The Enduring Shame of 'Separate and Unequal'

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The Washington Post

The Enduring Shame of 'Separate and Unequal'

A protester walks through tear gas as police enforce a mandatory, city-wide curfew of 10 p.m. on April 28, 2015 in Baltimore, Maryland. (Photo: Andrew Burton/Getty Images)

In July 1966, James Baldwin published “A Report from Occupied Territory,” a despairing essay in The Nation contemplating race relations in Harlem and other American cities. Describing the deep sense of alienation and despair in the black community, Baldwin wrote, “The children, having seen the spectacular defeat of their fathers — having seen what happens to any bad nigger and, still more, what happens to the good ones — cannot listen to their fathers and certainly will not listen to the society which is responsible for their orphaned condition.” Fifty years later, it’s heartbreaking and infuriating to read those words and realize how little has changed.

The riots that erupted in Baltimore following the death of Freddie Gray, who sustained fatal injuries in police custody last month, were as predictable as they were painful to watch. Across the country, Gray is the latest in a long line of black men killed, inexplicably, in brushes with the law; Baltimore is the latest city, but likely not the last, where blacks’ legitimate frustration has reached a boiling point and spilled into the streets. And yet the unrest in Baltimore and other cities is about more than a single death or even the single issue of police brutality. It’s about the structural racism, inequality and poverty that have pervaded our cities and plagued our society for too long.

Indeed, the profound divisions now on display mirror the findings of the Kerner Commission, which President Lyndon B. Johnson established to study the root causes of the 1967 race riots. “Our nation is moving toward two societies, one black, one white — separate and unequal,” the commission famously warned. “Segregation and poverty have created in the racial ghetto a destructive environment totally unknown to most white Americans,” it reported, adding that the media had “not communicated to the majority of their audience — which is white — a sense of the degradation, misery and hopelessness of life in the ghetto.” That criticism of the media resonates today, as sensational coverage of the destruction and looting too often has disregarded the systemic devastation of the communities in which they are taking place.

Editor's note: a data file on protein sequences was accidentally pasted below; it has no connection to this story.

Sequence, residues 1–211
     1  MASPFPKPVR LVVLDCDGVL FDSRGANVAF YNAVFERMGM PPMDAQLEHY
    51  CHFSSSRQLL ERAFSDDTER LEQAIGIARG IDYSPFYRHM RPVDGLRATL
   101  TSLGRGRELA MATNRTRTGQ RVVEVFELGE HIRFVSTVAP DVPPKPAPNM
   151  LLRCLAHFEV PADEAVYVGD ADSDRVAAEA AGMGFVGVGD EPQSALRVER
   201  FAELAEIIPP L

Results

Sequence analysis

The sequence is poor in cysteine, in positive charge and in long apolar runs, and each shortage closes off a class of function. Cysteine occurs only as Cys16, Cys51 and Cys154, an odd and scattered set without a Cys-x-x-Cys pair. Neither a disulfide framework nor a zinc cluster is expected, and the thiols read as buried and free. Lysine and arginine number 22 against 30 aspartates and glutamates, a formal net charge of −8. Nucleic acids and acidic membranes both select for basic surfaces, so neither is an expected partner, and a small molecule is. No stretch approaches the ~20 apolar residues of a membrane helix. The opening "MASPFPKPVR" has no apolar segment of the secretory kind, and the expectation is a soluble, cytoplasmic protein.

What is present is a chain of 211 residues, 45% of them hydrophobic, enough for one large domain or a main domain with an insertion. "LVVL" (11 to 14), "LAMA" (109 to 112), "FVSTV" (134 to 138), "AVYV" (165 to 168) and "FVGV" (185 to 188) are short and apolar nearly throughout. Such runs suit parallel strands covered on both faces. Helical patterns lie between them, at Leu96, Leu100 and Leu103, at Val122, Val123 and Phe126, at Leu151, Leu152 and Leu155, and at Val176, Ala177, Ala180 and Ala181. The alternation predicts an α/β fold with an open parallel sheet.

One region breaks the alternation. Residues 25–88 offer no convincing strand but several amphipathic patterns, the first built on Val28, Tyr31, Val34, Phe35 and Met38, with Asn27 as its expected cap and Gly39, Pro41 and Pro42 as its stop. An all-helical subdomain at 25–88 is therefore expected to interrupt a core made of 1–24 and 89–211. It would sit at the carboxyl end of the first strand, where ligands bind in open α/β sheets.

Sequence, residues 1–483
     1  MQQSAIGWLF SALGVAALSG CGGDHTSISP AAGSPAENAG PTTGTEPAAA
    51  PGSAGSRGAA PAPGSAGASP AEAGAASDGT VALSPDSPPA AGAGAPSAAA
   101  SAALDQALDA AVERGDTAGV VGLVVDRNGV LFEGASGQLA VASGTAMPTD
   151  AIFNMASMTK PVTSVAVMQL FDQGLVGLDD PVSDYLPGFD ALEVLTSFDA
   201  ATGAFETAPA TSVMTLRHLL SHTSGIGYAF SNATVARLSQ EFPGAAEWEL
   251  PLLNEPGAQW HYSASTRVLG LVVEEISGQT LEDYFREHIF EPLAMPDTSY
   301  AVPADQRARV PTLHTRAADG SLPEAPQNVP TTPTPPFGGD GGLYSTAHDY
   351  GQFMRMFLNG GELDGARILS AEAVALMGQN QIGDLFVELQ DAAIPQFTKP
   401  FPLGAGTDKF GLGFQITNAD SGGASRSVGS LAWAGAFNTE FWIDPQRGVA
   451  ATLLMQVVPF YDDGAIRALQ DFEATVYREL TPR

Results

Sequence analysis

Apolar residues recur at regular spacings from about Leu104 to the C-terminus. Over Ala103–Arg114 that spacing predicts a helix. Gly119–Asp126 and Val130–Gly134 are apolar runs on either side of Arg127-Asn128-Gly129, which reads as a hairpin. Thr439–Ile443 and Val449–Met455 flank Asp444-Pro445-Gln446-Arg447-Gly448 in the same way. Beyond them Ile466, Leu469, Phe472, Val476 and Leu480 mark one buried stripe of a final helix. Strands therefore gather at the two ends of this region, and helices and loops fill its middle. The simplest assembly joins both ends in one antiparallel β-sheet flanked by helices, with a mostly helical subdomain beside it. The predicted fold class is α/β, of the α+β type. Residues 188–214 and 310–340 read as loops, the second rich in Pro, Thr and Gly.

But the separation between white society and the black ghetto, the Economic Policy Institute’s Richard Rothstein explains, was deliberate. Even after the end of Jim Crow, decades of discriminatory housing and criminal justice policies have conspired to confine many black Americans in the ghetto — or prison — with little hope for the future. “Baltimore, not at all uniquely, has experienced a century of public policy designed, consciously so, to segregate and impoverish its black population,” Rothstein writes.

The tragic consequences for America’s urban communities have become impossible to ignore. In Baltimore, for instance, there is an appalling 19-year decline in life expectancy over the span of just three miles. According to The Post, “Fifteen Baltimore neighborhoods have lower life expectancies than North Korea. Eight are doing worse than Syria.” Meanwhile, a recent New York Times analysis found that about 1.5 million black men are “missing” from society, mostly as a result of incarceration and early death.

It’s inspiring to see leaders such as Baltimore City State’s Attorney Marilyn Mosby, who last week announced charges against six officers involved in Gray’s arrest, with the courage to fight for justice — and speak directly to protestors about their power. “To the people of Baltimore and the demonstrators across America, I have heard your call for ‘no justice, no peace,’ ” Mosby said. At just 35 years old, Mosby is the “youngest top prosecutor in any major American city,” and her election, against an incumbent who was seen as too soft on policy brutality, demonstrates the power of participating in the democratic process at the state and local level. There is also some hope to be found, as I wrote earlier this year, in the increasingly “transpartisan” momentum for criminal justice reform that addresses the issues of mass incarceration and unaccountable policing. But while these efforts are essential, they are nowhere near enough.

This moment requires a national urban agenda that recognizes the urgency of our problems — one that fixes not only our broken criminal justice system, but also the inequality that keeps too many black Americans trapped in a prison of poverty. We need a serious urban agenda that promotes the education and employment opportunities — including green jobs — that will offer impoverished Americans a path out of the ghetto and, just as importantly, hope. And with the Republican majority in Congress pushing harmful cuts to urban renewal programs, we need bold political leadership to make solving extreme poverty a national priority. If we don’t, as James Baldwin wrote, “the powder keg may blow up; it will be a miracle if it doesn’t.”

Katrina vanden Heuvel

Katrina vanden Heuvel

Katrina vanden Heuvel is an American editor and publisher. She is the editor, publisher, and part-owner of the magazine The Nation. She has been the magazine's editor since 1995.

 

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